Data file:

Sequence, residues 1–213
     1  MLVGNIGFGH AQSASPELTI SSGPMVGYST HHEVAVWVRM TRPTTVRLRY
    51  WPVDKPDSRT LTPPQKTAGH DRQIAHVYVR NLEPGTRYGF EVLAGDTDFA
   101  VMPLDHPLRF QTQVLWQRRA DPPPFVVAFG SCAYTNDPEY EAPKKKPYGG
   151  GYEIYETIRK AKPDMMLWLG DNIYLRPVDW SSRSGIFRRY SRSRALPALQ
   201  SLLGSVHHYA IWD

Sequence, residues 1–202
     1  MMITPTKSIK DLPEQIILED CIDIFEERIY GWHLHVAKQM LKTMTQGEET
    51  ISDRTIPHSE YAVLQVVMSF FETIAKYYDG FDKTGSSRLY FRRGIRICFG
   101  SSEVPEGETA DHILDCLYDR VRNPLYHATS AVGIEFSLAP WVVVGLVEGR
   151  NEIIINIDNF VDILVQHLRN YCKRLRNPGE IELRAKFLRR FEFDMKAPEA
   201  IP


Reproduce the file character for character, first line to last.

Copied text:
Sequence, residues 1–213
     1  MLVGNIGFGH AQSASPELTI SSGPMVGYST HHEVAVWVRM TRPTTVRLRY
    51  WPVDKPDSRT LTPPQKTAGH DRQIAHVYVR NLEPGTRYGF EVLAGDTDFA
   101  VMPLDHPLRF QTQVLWQRRA DPPPFVVAFG SCAYTNDPEY EAPKKKPYGG
   151  GYEIYETIRK AKPDMMLWLG DNIYLRPVDW SSRSGIFRRY SRSRALPALQ
   201  SLLGSVHHYA IWD

Sequence, residues 1–202
     1  MMITPTKSIK DLPEQIILED CIDIFEERIY GWHLHVAKQM LKTMTQGEET
    51  ISDRTIPHSE YAVLQVVMSF FETIAKYYDG FDKTGSSRLY FRRGIRICFG
   101  SSEVPEGETA DHILDCLYDR VRNPLYHATS AVGIEFSLAP WVVVGLVEGR
   151  NEIIINIDNF VDILVQHLRN YCKRLRNPGE IELRAKFLRR FEFDMKAPEA
   201  IP